III. Revised Proposed Rule
The revised proposed rule would require the Postal Service to affirmatively designate whether or not a mail preparation requirement change implicates the price cap in a single, publicly available source. Further, if challenged by a mailer or raised by the Commission, the Postal Service would have to demonstrate by a preponderance of the evidence that a mail preparation change does not require compliance with § 3010.23(d)(2).
As numerous commenters raised questions regarding standard of proof for issues regarding compliance with § 3010.23(d)(2) for mail preparation changes, the Commission clarifies that it is the Postal Service's burden to demonstrate, by a preponderance of the evidence, that a specific mail preparation change does not implicate the price cap. This burden is consistent with the Postal Service's obligation to evaluate changes to mail preparation requirements for compliance with § 3010.23(d)(2) in accordance with the Commission's standard set forth in Order No. 3047. For the deletion prong of the Commission's standard, the inquiry is limited to whether the mail preparation change causes the elimination of a rate, or the functional equivalent of an elimination of a rate. For the redefinition prong, the Postal Service's showing does not require detailed analysis of mailer cost for a mail preparation change because the significance prong of the Commission's standard only requires a determination of whether the mail preparation change is large in magnitude. Order No. 3441 at 31.
As with the majority of proceedings before the Commission, the specific evidence presented will be largely fact dependent subject to the individual circumstances of the matter and the Postal Service's showing will be evaluated based on the evidence available at the time. Accordingly, in any proceeding where the price cap impact of a mail preparation change is being determined or challenged, the Postal Service must be able to show that the greater weight of the available evidence favors a finding that the change does not implicate § 3010.23(d)(2). In addition, as the Postal Service is in the best position to gather information on mailer costs and operational adjustments, in light of its abundant contact and consultation with the mailing industry, the Postal Service may submit such evidence and seek a determination from the Commission using the procedures set forth under § 3001.21 of this chapter prior to implementation of the change.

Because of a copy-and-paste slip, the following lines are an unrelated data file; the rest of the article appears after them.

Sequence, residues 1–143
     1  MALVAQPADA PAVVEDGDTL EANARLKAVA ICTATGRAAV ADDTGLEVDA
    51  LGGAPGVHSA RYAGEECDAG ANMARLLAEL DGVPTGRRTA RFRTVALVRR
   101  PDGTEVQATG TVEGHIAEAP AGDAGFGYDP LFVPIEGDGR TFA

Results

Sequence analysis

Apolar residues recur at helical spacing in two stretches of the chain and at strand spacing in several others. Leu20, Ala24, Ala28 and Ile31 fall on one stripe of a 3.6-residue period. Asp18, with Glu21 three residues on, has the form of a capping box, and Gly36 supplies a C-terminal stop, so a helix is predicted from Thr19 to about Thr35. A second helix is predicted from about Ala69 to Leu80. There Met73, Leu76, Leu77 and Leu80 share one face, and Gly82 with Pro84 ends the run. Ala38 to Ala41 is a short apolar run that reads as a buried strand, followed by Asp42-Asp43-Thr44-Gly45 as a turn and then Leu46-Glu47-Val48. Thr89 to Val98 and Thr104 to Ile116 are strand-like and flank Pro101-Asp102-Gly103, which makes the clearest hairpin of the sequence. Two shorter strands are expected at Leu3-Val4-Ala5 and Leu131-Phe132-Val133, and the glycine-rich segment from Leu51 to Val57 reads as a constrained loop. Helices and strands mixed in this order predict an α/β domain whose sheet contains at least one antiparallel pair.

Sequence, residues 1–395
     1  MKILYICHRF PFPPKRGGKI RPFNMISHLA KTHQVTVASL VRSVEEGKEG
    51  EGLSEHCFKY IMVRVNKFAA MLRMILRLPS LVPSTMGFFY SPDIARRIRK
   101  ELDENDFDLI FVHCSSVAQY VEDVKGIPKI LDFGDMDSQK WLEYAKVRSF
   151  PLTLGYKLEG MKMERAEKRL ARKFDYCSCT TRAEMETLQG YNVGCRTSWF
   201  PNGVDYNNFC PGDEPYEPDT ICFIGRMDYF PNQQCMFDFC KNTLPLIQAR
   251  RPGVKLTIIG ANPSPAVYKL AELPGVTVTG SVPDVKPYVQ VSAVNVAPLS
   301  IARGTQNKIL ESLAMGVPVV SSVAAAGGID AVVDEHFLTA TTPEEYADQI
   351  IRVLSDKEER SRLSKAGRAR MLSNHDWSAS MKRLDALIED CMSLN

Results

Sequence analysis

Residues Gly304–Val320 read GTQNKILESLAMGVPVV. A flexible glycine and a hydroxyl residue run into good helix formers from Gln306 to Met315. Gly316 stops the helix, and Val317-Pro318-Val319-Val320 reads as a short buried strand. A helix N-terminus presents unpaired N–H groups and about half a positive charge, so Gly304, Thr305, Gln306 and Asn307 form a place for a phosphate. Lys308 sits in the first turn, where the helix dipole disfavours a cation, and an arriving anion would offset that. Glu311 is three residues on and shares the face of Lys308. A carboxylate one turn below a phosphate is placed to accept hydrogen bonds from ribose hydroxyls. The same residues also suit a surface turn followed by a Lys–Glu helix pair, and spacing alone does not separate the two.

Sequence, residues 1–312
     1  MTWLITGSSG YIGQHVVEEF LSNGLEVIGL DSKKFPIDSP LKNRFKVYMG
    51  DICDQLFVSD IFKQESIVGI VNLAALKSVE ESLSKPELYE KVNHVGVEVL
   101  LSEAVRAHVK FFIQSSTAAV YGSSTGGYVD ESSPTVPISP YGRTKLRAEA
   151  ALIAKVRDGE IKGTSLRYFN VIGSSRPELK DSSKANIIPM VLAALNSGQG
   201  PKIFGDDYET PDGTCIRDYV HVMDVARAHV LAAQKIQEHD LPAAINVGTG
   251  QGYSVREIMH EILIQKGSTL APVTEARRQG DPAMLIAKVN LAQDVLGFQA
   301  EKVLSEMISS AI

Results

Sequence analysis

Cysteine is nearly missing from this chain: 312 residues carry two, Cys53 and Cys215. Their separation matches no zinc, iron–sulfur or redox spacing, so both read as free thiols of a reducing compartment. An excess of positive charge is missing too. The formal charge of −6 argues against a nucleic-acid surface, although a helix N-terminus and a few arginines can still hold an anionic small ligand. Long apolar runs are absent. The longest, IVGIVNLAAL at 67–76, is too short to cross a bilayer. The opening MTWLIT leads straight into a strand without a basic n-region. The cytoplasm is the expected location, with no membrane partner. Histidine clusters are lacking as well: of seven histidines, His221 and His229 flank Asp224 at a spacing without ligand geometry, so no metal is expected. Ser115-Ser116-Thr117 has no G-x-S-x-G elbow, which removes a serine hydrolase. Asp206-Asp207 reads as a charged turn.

Under the revised rule, the Postal Service may designate a single source of its choosing, so long as the source is published and publicly available. The Postal Service shall file notice with the Commission after it designates the source it will use. Proposed § 3010.23(d)(5) also directs the Postal Service to affirmatively state in the single source publication whether or not the change requires compliance with § 3010.23(d)(2). This flows from the Postal Service's obligation to properly evaluate its mail preparation changes for compliance with the price cap rules.
Single source publication will allow the Commission to independently review mail preparation changes and will, in most circumstances, eliminate the need to have parties initiate motions to bring such changes to the Commission's attention. Accordingly, the revised proposed rule eliminates the Start Printed Page 16018separate procedural component for motions concerning mail preparation changes. This change was triggered by commenter concerns over a potentially duplicative procedural rule that would conflict with the Commission's existing procedures and authority to review mail preparation changes for compliance with the price cap rules. The Commission submits that the existing procedures available to interested parties should be sufficient to raise issues of price cap compliance for mail preparation changes. Mailers may notify the Commission using the general motion procedures set forth in § 3001.21 of this chapter if they disagree with the Postal Service's determination of compliance with § 3010.23(d)(2). The rules under § 3001.21 of this chapter require motions to “set forth with particularity the ruling or relief sought, the grounds and basis therefor, and the statutory or other authority relied upon . . .” Accordingly, any motions filed under § 3001.21 of this chapter concerning mail preparation changes shall provide all information the mailers have to rebut the Postal Service's determination, consistent with the Commission's standard set forth in Order No. 3047. The Commission shall weigh the available evidence and provide a determination as soon as practicable based on a preponderance of the evidence standard.